Will There Be Any ‘Syunik Corridor’?

Last week, Ilham Aliyev won the presidential elections held in Azerbaijan. The victory was given to him quite easily, without any upheaval and he will continue his presidency in the following years. Now, nothing prevents Aliyev from continuing his aggressive actions against Armenia. In particular, he will try to bring to life the so-called “Syunik Corridor” (or “Zangezur Corridor”) project.

This is a project that the Turkish-Azerbaijani tandem had in mind since the collapse of the USSR and, no matter what the official statements are now, it is hard to believe that the two countries have changed their geopolitical priorities. Turkey needs this corridor for its aspirations to unite and lead the Turkic world, and Azerbaijan needs to provide a direct connection with Nakhichevan. At the same time, the implementation of this project is also necessary for Russia, because the settlement of Armenian-Turkish and Armenian-Azerbaijani relations will mean that it will no longer make sense for Russia to have a military presence in Artsakh (there are no Armenians there but there are Russian troops still there) or on the territory of Armenia against Turkey (the Russian military base in Gyumri). Therefore, Russia needs this project if it is to ensure the security of the corridor, routes and communications, as well as its physical military presence on the ground. Actually, an agreement about the implementation of this project was reached with the statement of November 9, 2020 and it can be assumed that the Armenian authorities have given their consent to the project verbally, despite the fact that this statement is just a piece of paper.

When we talk about outside players, we also need to talk about those who will oppose this project. It is important to understand Iran’s position and it is unequivocally negative. Iran will not want to lose its regional transit position, and at the same time it will not want to lose or reshape its external border with Armenia which provides it an exit to Georgia, the Black Sea, etc. Yet another player is the United States, which opposes this project because Washington’s number one priority is to contain Russia, and with the implementation of this project, Washington will not be able to push Russia out of the South Caucasus region.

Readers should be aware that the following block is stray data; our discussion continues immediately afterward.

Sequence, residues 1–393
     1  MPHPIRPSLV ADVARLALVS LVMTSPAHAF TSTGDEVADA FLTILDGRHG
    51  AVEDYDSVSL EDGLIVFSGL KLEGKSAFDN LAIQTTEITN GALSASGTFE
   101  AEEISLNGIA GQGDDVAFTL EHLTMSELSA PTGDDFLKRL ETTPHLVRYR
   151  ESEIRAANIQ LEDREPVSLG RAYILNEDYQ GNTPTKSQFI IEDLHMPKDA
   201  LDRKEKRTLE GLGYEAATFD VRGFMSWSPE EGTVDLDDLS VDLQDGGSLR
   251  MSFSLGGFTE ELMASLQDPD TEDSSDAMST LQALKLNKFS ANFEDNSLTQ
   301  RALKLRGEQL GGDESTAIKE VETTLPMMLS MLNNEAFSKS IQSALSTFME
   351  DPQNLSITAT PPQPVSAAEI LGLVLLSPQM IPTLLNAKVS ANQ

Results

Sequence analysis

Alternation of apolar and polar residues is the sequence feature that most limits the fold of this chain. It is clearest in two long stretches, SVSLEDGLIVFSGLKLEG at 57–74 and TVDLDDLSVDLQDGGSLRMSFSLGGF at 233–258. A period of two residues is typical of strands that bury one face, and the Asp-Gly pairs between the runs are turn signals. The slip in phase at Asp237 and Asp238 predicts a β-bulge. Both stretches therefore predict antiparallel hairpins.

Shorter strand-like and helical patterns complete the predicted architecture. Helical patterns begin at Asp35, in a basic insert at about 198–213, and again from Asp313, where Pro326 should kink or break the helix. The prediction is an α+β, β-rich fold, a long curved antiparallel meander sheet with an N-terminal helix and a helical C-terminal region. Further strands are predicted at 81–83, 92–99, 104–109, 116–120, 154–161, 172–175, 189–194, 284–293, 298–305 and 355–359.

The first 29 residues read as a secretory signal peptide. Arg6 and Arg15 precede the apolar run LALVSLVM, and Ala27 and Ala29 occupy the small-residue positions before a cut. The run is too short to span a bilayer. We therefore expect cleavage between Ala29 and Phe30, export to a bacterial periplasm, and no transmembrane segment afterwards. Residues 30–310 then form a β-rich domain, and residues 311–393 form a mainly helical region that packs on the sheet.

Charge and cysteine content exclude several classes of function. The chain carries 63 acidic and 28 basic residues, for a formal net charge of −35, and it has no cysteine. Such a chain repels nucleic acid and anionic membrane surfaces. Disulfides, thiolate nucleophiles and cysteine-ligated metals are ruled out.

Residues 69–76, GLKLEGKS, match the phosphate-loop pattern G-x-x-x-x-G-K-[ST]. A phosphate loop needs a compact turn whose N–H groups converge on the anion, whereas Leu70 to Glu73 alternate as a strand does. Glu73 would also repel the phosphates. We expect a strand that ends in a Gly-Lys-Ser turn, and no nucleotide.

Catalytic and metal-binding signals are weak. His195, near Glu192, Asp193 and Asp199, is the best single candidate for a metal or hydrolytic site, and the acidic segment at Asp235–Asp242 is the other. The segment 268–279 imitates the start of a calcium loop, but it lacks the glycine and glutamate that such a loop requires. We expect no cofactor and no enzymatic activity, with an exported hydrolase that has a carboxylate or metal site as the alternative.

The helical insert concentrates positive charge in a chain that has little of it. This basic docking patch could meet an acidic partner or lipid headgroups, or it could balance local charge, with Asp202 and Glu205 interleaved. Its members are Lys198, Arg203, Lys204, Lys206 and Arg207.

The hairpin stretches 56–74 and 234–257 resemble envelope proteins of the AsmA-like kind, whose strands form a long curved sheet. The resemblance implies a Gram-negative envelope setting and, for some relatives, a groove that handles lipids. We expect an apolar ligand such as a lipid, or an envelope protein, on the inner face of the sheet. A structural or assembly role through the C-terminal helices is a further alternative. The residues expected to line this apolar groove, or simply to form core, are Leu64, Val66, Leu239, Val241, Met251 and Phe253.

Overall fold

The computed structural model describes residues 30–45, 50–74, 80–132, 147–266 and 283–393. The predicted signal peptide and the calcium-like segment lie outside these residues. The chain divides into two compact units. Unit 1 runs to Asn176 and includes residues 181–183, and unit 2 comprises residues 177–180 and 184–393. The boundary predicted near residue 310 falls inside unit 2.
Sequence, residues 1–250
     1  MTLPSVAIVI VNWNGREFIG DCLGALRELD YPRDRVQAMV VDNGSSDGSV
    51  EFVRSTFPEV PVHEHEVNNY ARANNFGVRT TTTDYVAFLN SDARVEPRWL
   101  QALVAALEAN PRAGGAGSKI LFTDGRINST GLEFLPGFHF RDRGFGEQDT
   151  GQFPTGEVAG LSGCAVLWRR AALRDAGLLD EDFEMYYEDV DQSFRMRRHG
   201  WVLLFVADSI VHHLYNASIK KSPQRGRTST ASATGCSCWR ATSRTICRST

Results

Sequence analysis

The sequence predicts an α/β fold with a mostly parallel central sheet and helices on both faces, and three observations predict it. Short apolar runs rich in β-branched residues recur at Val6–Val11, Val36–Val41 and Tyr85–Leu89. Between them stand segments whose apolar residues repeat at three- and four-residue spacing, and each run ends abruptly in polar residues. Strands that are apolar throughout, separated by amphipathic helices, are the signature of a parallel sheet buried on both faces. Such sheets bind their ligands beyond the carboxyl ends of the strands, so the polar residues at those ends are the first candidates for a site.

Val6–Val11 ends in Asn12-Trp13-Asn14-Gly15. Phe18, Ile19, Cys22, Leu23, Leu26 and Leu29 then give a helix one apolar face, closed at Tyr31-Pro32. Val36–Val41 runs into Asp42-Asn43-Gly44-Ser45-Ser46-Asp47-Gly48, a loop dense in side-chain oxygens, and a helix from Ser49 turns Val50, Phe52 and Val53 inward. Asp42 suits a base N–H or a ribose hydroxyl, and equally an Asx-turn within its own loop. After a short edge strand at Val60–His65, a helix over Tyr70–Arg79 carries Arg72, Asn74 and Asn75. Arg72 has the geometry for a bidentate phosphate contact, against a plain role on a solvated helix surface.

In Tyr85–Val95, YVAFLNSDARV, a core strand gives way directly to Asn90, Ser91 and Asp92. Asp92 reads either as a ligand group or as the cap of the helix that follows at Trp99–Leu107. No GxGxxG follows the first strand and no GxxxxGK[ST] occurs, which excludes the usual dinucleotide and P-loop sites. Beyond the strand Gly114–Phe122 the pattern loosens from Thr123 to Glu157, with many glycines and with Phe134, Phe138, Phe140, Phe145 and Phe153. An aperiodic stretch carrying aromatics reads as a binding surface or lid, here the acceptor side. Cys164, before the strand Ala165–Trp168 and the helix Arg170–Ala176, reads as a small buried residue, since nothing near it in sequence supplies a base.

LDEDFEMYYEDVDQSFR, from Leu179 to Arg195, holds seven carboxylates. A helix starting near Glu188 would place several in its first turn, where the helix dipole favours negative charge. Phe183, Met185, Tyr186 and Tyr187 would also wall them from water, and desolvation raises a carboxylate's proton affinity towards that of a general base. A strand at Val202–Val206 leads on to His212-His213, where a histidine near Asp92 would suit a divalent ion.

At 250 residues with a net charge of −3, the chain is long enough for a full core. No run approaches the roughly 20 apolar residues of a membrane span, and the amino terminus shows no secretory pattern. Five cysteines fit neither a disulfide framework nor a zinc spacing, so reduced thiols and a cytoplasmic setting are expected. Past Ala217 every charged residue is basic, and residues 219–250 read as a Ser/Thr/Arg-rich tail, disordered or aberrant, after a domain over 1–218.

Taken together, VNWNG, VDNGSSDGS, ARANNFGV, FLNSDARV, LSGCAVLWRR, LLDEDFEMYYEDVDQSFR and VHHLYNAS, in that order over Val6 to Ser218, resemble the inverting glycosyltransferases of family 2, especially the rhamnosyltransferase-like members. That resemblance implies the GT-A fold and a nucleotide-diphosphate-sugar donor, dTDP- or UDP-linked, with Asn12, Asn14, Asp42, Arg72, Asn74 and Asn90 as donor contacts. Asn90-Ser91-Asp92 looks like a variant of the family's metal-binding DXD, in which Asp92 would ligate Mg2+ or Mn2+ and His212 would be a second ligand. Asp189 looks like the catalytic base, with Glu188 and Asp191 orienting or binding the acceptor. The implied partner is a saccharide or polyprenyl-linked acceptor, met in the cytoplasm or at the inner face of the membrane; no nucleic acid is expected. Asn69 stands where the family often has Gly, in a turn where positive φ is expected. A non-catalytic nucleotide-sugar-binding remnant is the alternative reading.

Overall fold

It is also important to understand which player is ready for what kind of actions to implement or to oppose the project. It is natural that the problem should be solved militarily so that the Armenian authorities can justify what happened in their own country and the Turkish-Azerbaijani tandem will also give Russia a solid opportunity to move its troops from Nagorno-Karabakh to Syunik and deploy them right there in Syunik as the only security guarantor of Armenians.

In this scenario, everything may seem too logical. But there is also another important factor, which is adroitly chosen timing. Timing is crucial. It could happen when there is a tense pre-election or post-election processes in the USA and no one in Washington is particularly interested in what is happening in the South Caucasus – just as it happened during the 2020 elections.

Of course, this is not the only scenario for developments, but at the moment it seems the most possible one, to which Armenia cannot be an obstacle. But here, Iran and the United States, which surprisingly have common interests on this issue, can hinder Azerbaijan’s plans.